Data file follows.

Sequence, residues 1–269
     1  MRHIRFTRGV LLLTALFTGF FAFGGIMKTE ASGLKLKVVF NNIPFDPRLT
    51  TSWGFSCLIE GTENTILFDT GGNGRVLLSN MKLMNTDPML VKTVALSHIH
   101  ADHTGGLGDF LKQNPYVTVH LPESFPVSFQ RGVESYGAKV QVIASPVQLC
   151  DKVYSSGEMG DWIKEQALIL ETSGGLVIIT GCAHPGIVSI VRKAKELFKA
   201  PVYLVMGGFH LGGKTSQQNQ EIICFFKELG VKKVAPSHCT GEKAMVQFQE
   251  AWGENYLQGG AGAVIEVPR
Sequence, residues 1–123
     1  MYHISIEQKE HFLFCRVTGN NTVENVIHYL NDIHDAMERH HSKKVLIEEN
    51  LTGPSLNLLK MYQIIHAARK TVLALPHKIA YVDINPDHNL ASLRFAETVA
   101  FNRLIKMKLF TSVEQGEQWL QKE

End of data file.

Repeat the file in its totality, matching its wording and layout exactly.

Sequence, residues 1–269
     1  MRHIRFTRGV LLLTALFTGF FAFGGIMKTE ASGLKLKVVF NNIPFDPRLT
    51  TSWGFSCLIE GTENTILFDT GGNGRVLLSN MKLMNTDPML VKTVALSHIH
   101  ADHTGGLGDF LKQNPYVTVH LPESFPVSFQ RGVESYGAKV QVIASPVQLC
   151  DKVYSSGEMG DWIKEQALIL ETSGGLVIIT GCAHPGIVSI VRKAKELFKA
   201  PVYLVMGGFH LGGKTSQQNQ EIICFFKELG VKKVAPSHCT GEKAMVQFQE
   251  AWGENYLQGG AGAVIEVPR
Sequence, residues 1–123
     1  MYHISIEQKE HFLFCRVTGN NTVENVIHYL NDIHDAMERH HSKKVLIEEN
    51  LTGPSLNLLK MYQIIHAARK TVLALPHKIA YVDINPDHNL ASLRFAETVA
   101  FNRLIKMKLF TSVEQGEQWL QKE